The real problem was faced with the audio glosses. These are very good tools which allow students to listen to the pronunciation just by clicking over a word. However, audio glosses as described in professor Bogdanov’s book can’t be done currently because they are based on Flash Player and this software is not accepted by any browser anymore. The software was deprecated by March 14, 2021 because of security concerns.

I googled for an updated version of professor Bogdanov’s book based on Hot Potatoes 7 but there is not a new version. The tutorial for adding audio glosses has not been updated to HTML5. The available tutorials are still based on Flash.

The solution

Since I could not find an updated tutorial for the audio glosses, I decided to try to somewhat update the code. In order to get to know the architecture of the audio glosses I downloaded the example page provided at Then I opened the audio-glosses-quiz.htm file in Adobe Dreamweaver in order to analyze the code.

In the analysis of the code, I found that the problem was not HTML nor CSS nor Javascript but the embedded code for playing .swf files or Flash Player inside the JavaScript function play (filename):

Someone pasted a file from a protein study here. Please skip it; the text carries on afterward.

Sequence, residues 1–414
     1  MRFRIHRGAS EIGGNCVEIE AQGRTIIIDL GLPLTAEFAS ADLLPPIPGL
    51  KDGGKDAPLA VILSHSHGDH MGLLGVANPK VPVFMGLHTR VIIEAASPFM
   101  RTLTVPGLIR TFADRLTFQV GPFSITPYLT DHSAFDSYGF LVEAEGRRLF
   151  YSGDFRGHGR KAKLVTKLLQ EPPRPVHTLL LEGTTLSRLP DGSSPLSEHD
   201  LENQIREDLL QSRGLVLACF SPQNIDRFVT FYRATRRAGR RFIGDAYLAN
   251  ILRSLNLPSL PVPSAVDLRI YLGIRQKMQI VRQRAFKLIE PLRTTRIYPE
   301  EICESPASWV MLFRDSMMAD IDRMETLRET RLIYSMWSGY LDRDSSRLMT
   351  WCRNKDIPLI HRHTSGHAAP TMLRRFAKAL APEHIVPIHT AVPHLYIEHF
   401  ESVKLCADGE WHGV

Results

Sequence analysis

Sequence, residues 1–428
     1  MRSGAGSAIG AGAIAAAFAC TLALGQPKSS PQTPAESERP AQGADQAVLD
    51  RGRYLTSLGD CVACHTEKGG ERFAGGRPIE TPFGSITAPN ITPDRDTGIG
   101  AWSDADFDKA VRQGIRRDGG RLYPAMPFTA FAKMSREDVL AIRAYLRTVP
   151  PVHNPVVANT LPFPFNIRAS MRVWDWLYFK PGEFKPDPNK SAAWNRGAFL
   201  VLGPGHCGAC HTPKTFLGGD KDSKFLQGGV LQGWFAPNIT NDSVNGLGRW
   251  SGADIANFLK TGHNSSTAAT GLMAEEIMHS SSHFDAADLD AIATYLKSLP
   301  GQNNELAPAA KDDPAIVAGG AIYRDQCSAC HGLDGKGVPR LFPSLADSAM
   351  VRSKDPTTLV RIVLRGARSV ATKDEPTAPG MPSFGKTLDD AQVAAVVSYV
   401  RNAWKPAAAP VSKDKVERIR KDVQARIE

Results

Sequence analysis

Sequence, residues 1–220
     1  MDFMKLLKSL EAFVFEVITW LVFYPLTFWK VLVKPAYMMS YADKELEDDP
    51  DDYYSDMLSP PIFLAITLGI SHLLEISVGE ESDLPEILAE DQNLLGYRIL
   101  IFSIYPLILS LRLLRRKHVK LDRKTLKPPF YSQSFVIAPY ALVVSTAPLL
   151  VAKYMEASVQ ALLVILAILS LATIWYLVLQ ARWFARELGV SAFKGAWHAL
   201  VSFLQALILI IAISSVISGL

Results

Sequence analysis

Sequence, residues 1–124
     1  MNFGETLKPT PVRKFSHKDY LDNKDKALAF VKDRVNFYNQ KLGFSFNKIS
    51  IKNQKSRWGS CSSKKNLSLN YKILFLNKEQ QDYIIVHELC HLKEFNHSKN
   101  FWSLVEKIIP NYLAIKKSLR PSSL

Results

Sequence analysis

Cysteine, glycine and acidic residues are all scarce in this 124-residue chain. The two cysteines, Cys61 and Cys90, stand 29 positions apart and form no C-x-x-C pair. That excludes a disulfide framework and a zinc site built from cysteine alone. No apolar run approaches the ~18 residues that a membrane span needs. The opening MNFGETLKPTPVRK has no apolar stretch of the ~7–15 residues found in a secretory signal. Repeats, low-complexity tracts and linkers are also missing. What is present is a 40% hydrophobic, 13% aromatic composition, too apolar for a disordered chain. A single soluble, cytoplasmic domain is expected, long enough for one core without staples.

The old player

As I stated above, the audio glosses explained in Bogdanov’s book do not work currently because they are based on Flash Player or player.swf and this software is not currently supported by the main web browsers. Consequently, my first try in solving this problem was abandoning the old Flash player code, < object>, and adopting the new HTM5 audio element for embedding sound. Basically, the HTML5 code for embedding audio is the following:

Now the challenge for me was embedding the HTML5 audio element into the JavaScript function play(filename) shown above.

The work consisted in deleting the old Flash player audio element and typing the HTML5 audio element inside the “play (filename)” JavaScript function.

Before writing the new code into the function, it is necessary to know if you want a visible player or a hidden one. Note that if you want to see the player, pause and volume controls in the sound player you have to add the controls attribute inside the < audio> element:

But if you want a hidden player then you have add the “autoplay” attribute. In my case, I wanted a hidden player because the sounds to be played are just individual words or phrases. Previously, somewhere in the html page, it is necessary to write the code for a hidden player:

This is related to the last part of play (filename) function.

The new player

The following is my updated to HTML5 version of the audio player:

As you can read in the code, I introduced two mouse events for audio glosses, onclick and onmouseover: